I personally realized while watching Far From Home, that I don't think I totally connect with any of these new characters. There's something about how they are portrayed, that just doesn't totally click with me. And I don't think that will ever change. That being said, I enjoy what Tom Holland does with the character. While I still feel that his nervous, borderline neurotic delivery gets a little annoying, he does a decent job in the role. Despite my issues with the characteristics of some of these characters, all are pretty much likable which helps. I found most of Far From Home to be fine. The story gets a little dragged on too much, and it tends to linger on plot threads way too long for my taste. If you are totally invested in the relationship between Peter Parker and Tony Stark, I suppose one would get much more out of what's being done here. Jake Gyllenhaal, as Mysterio, is probably the best possible way this character could have been portrayed on screen for a modern age. Gyllenhaal, is strong, if not a little hammy in some places, but it works quite well. I thoroughly enjoyed some of the surprises they had here. That mid-credit scene is quite good. Far From Home feels like it's stretching a lot to get to its point. It feels far too long than it should, and it doesn't quite reach the heights it sets out to climb. Easter eggs, and fan-service, aren't quite enough for me though. A lot of stuff in Far From Home, tends to get a little fan service-y for my tastes. Overall, Far From Home is an enjoyable entry in the franchise. It's a fun time.
Title: Child's Play
Director: Lars Klevberg
Starring: Aubrey Plaza, Gabriel Bateman, Brian Tyree Henry, Mark Hamill, Beatrice Kitsos
Child's Play is good. There, I said it. And by Child's Play, I of course mean both. Look, yes, they remade it. However, that doesn't take away from the fact that the original, will always exist. That film is good for what it is. I love the Child's Play series. Yes, even at its low point, I enjoy the series quite a bit. What kept that series going, and still keeps the series going, is Brad Douriff. He's iconic as the character; as THAT version of Chucky. This is a different interpretation of Chucky. And while I'm shocked that 2019's Child's Play is as good as it is, I'm not entirely shocked as some people may be after seeing it. I was actually on board with this after the first teaser. And once Mark Hamill was added as the voice, I was buying a ticket. Child's Play 2019, is a lot of fun. It's creepy, bloody, funny, and a solid horror remake. It takes elements from the original formula and both updates, and turns it on its head. Everyone in this film is solid. From Aubrey Plaza, to Bryan Tyree Henry, to Gabriel Bateman- they are all fun to watch. Mark Hamill, is PERFECT as THIS version of Chucky. It works so well that after you see it, you will instantly know why they got him to do the voice. The film has a few flaws. Particularly in some misplaced line readings, and a little bit of a weird middle act. However, the magic here, is in the character of Chucky himself. What they do to the character is smart. It's a great balance of heart, emotion, and creepiness, all thrown into the mix. Child's Play, is a genuine surprise. It's a crowd pleaser of a film, and fun time at the movies.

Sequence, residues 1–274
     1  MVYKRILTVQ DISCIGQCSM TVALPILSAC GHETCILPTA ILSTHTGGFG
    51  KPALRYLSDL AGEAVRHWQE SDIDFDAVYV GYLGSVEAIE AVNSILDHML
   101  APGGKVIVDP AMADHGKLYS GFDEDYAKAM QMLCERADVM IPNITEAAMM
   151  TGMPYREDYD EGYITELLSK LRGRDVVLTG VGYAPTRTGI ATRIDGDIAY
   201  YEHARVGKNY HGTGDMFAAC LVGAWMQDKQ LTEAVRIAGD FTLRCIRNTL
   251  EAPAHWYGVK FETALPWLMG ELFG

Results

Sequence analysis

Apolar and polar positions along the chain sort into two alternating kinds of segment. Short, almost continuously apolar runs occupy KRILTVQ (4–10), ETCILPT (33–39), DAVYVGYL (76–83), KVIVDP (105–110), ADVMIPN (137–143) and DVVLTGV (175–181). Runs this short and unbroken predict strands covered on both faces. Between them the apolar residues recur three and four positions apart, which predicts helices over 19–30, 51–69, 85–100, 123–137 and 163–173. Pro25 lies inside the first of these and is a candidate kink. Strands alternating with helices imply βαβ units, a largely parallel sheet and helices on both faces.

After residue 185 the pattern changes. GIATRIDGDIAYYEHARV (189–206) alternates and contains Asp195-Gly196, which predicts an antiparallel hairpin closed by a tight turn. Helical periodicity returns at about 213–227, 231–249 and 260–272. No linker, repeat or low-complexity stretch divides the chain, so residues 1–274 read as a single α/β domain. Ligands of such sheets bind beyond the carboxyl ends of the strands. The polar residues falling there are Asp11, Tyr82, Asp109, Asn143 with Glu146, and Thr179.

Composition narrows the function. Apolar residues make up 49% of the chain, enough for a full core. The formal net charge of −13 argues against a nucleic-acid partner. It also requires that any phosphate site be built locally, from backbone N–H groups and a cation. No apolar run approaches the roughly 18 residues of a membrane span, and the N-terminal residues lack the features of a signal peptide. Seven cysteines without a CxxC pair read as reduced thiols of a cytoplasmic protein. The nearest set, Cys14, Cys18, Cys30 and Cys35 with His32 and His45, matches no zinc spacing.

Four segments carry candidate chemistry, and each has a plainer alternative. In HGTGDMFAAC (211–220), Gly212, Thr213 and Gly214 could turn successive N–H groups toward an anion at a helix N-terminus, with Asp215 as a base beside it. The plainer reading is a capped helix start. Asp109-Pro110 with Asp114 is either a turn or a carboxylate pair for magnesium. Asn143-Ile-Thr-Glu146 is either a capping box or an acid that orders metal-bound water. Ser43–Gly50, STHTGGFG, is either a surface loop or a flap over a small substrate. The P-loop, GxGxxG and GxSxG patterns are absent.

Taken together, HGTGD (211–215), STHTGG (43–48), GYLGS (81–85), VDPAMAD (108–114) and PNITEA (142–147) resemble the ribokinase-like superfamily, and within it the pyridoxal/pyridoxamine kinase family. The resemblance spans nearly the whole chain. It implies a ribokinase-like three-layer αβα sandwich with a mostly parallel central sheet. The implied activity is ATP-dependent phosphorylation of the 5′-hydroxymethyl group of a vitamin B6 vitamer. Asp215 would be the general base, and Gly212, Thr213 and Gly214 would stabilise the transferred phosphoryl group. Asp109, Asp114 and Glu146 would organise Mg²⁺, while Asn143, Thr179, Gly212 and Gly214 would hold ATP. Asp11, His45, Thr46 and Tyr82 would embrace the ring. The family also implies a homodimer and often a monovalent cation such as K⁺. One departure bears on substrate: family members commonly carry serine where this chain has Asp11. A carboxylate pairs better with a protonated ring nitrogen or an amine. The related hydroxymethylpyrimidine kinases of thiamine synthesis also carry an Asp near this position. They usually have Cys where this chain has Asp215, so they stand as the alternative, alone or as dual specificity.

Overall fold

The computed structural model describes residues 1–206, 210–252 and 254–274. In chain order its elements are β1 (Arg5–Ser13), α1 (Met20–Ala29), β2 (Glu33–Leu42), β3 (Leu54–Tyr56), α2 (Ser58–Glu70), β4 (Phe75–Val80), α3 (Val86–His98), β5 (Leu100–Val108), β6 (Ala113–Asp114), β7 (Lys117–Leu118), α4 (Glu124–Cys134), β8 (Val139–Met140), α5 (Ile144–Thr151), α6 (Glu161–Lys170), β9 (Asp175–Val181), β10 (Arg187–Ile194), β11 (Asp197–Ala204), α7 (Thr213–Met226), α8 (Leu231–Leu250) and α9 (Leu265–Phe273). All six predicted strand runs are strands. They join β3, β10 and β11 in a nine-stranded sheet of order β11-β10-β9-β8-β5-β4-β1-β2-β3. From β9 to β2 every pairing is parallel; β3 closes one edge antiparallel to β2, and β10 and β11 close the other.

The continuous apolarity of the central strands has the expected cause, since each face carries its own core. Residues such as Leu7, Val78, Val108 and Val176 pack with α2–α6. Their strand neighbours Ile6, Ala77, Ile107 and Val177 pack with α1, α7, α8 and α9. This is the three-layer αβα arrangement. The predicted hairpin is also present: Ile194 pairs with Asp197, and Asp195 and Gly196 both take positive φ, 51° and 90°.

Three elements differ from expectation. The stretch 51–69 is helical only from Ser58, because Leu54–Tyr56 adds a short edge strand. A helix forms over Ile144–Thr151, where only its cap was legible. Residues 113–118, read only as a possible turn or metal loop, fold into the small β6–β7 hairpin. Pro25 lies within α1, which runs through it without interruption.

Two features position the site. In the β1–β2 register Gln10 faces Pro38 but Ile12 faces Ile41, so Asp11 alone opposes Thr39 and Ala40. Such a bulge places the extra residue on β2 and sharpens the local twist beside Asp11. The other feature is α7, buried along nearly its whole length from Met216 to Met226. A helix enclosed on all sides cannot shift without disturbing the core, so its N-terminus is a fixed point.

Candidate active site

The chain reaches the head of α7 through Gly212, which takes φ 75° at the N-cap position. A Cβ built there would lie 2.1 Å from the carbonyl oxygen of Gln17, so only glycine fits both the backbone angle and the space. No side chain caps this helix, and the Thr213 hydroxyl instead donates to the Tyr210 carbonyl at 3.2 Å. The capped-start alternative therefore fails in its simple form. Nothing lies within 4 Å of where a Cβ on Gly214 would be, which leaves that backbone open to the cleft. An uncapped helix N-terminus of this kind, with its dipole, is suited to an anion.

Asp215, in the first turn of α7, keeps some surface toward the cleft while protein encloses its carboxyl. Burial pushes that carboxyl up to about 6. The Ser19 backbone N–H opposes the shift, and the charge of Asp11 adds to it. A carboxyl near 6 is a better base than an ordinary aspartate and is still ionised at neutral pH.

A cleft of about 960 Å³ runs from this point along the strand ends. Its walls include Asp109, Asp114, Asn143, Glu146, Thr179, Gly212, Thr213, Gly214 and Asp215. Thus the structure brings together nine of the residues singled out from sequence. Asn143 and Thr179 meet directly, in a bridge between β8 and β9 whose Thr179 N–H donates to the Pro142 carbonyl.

Title: Men In Black: International
Director: F. Gary Gray
Starring: Tessa Thompson, Chris Hemsworth, Liam Neeson, Kumail Nanjiani, Rebecca Ferguson, Rafe Spall, Emma Thompson
Dull. If Men In Black: International could be summed up in one word, it would be dull. It's not particularly funny, the story isn't particularly interesting, it's painfully predictable, and I'm afraid this entry will kill the franchise for a long time. It's actually kind of a shame. The premise here, feels like a natural progression for the franchise. Tessa Thompson and Chris Hemsworth, try their best to do what they can. They have really good chemistry together. However, we already know that, as they also had good chemistry in Thor: Ragnarok. Both have a few chuckles here and there, but the screenplay doesn't exactly give them great material to work with. The bulk of the laughs, come from Kumail Nanjiani's Pawny. Liam Neeson, is sleeping through most of this. A lot of the film, feels like it's coasting by on the bare minimum in fact. I found myself struggling to stay interested during most of this. There's a lot of wasted talent and money on screen here. Men In Black: International, is almost as bad as Men In Black II. I love this franchise. Both good and bad. However, this one is rough. There's very little to even get excited about in this. At least MIB II had Frank The Pug, and Will Smith. This has... ah, hell. It's just really damn dull. I was rooting for you MIB: International. I really was.
Title: Dark Phoenix
Director: Simon Kinberg
Starring: Sophie Turner, James McAvoy, Nicholas Hoult, Jennifer Lawrence, Tye Sheridan, Michael Fassbender, Alexandra Shipp, Jessica Chastain
Well, the X-Men proper series of films under the Fox banner, limps to the finish line. The main issue with Dark Phoenix, is that nothing particularly exciting, or important happens. There are glimpses of what first time director, Simon Kinberg, wanted to do. The problem is, I don't think he should have been doing this all on his own. He never gets to where he wants to go, fully. Credit to him though; for a first outing, this could have been a lot worse. Working in his favor here, are three solid performances by McAvoy, Fassbender, and Sophie Turner. They manage to keep this excruciatingly dull story, interesting enough for us, as we drag to the credits. I believe it was something like and hour after the open, before an X-Man, or Woman, uses any power to, well, do anything. Aside from that, the only reason why this version of the Phoenix Saga is even watchable is because of Sophie Turner. The story itself, just isn't interesting enough. It's a repetitive slog of either talking about, Jean and how powerful she is, or, Jean pouting about what is happening to her. Kinberg, tries to sell us of this great threat, but it always falls into flat, cliche' territory. A lot of people just talk to each other about the threat. In between all of this, Jessica Chastain shows up, in a borderline embarrassing performance. Her character has virtually nothing to do here. And when she does, it's all just silly nonsense. That being said, there are a few moments throughout that are worth a look. The ending sequence is quite nice, and it shows that it was a re-shoot. The whole thing feels like a different movie. Dark Phoenix skirts by on very little. It's not overly terrible. It's watchable. I guess it could have been far worse. It's a dull, ending chapter for the Fox era of X-Men proper.